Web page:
1879: There were so many Cubans in Key West seeking freedom from Spanish rule, that a Cuban chapel dedicated to La Virgen de la Caridad del Cobre was erected for them on Duval Street, between Division Street (Truman Avenue) and Virginia Street. The chapel was popular as long as there were priests available to staff it, but by 1898 it was closed. It was moved later to its present position on the grounds of the Church and was used as the Parish hall. It is presently used as the Parish Gift Shop.
1887: Father Ronald B. MacDonald, S.J. arrived as an assistant to the Pastor Father Felix Ghione. Since native vocations were so rare, Bishop Moore had to recruit seminarians from Ireland. Bishop Moore then reintroduced the Jesuits from New Orleans to Florida after an absence of 146 years. In 1898, he invited them to take over the parishes and missions of South Florida. Bishop Moore and Rev. James O’Shanahan, the New Orleans Provincial of the Jesuits, signed an agreement to this effect on July 31, 1889.
This extraordinary document gave the Jesuits “exclusive and perpetual rights” to the missionary territory. Since this agreement was so unusual, the Vatican authorities were reluctant to approve it. The only place not offered to the Jesuits was Key West, where the Italian Diocesan Pastor, Father Felix Ghione, was canonically irremovable until he wished to leave. Not long afterwards, Father Ghione, who was in Italy, advised Bishop Moore that he would not return to Key West. Because the diocesan priests seemed unable to serve the 10,000 Cubans in Key West and Tampa, a second contract, signed by Bishop Moore and Rev. O’Shanahan in 1891 mentioned the takeover of Key West “In Perpetuum”. Only the most extraordinary circumstances would have driven Bishop Moore to sign such an agreement. Between 1873 and 1879 the whole southern United States had been hit by epidemics of cholera and yellow fever. Many priests died leaving the church in a dire state. This agreement, though well intentioned, was unworkable from the start. Thirty years later Bishop Michael J. Curley, would have to clarify the situation. The first Jesuit, Rev. Anthony B. Friend, S.J., the new pastor, arrived in Key West February 15, 1898.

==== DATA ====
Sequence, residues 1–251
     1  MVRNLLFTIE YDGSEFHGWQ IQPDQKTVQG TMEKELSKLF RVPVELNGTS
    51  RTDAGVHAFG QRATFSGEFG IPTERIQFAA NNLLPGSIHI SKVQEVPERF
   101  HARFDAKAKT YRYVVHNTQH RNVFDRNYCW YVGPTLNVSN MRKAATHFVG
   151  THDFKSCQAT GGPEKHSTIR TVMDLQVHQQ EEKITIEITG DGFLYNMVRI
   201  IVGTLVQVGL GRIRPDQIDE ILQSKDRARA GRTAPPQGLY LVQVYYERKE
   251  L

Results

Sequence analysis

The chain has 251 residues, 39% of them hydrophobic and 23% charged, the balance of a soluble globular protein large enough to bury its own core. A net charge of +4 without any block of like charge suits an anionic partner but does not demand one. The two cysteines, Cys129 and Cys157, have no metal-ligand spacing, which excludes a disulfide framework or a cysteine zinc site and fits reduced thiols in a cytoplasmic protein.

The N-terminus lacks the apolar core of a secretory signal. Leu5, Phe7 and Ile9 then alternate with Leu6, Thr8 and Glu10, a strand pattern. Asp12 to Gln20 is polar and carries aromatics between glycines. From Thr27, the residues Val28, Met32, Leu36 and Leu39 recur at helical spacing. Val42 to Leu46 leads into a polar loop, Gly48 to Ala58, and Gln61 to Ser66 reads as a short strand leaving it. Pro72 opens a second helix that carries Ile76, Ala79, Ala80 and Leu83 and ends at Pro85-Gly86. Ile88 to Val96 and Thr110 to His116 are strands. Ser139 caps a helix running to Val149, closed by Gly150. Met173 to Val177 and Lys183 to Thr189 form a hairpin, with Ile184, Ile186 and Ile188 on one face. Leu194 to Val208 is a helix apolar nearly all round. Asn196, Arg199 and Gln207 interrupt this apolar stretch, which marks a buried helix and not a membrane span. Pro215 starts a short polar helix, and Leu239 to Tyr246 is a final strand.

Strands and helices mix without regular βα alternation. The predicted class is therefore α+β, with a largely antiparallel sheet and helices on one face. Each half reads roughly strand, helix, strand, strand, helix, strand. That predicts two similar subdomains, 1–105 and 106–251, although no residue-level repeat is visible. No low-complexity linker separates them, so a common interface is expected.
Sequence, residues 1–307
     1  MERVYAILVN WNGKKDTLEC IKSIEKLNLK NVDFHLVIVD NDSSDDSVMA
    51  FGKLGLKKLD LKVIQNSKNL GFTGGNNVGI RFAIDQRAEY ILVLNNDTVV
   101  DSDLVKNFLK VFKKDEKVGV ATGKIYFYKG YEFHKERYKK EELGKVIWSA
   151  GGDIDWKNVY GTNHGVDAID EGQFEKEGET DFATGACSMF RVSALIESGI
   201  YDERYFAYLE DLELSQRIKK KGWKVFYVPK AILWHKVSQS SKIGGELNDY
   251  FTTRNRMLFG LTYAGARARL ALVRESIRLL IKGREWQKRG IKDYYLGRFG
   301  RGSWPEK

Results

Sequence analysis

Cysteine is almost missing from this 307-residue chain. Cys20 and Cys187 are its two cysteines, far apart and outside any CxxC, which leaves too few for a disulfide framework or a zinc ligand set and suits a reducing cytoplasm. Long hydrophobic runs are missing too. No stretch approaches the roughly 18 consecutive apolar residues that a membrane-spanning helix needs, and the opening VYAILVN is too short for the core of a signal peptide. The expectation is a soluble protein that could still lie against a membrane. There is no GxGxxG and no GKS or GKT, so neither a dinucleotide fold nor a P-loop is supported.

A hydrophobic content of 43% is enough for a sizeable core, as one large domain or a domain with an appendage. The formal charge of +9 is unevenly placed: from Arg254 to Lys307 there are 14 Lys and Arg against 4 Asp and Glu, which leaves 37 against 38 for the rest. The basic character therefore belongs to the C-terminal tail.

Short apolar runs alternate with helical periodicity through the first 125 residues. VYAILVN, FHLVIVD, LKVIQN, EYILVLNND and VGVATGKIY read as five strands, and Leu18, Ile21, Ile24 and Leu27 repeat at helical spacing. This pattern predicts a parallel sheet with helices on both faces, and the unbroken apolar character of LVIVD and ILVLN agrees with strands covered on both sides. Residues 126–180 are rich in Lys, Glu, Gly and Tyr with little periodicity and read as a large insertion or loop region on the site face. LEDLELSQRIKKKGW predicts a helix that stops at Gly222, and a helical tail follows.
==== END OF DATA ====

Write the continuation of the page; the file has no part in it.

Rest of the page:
1898: Graduation exercises for the class of 1898 of the Convent of Mary Immaculate were being held in the San Carlos Opera House that night of February 15, 1898, when word was received here of the sinking of the Battleship Maine in Havana Harbor, Cuba. This event ignited the Spanish American War, which was to last less than four months and bring an end to the Spanish rule in Cuba. For the next two weeks, many of the Maine’s victims, injured and dead, were being returned to Key West. They filled the antiquated Navy Marine Hospital and the Barracks Hospital at the Army Post. Mother Mary Florentine, the Superior of the convent, approached Commander James M. Forsyth, and placed the Convent of Mary Immaculate, two school buildings, and the Sisters’ personal services as nurses, at the disposition of the naval authorities.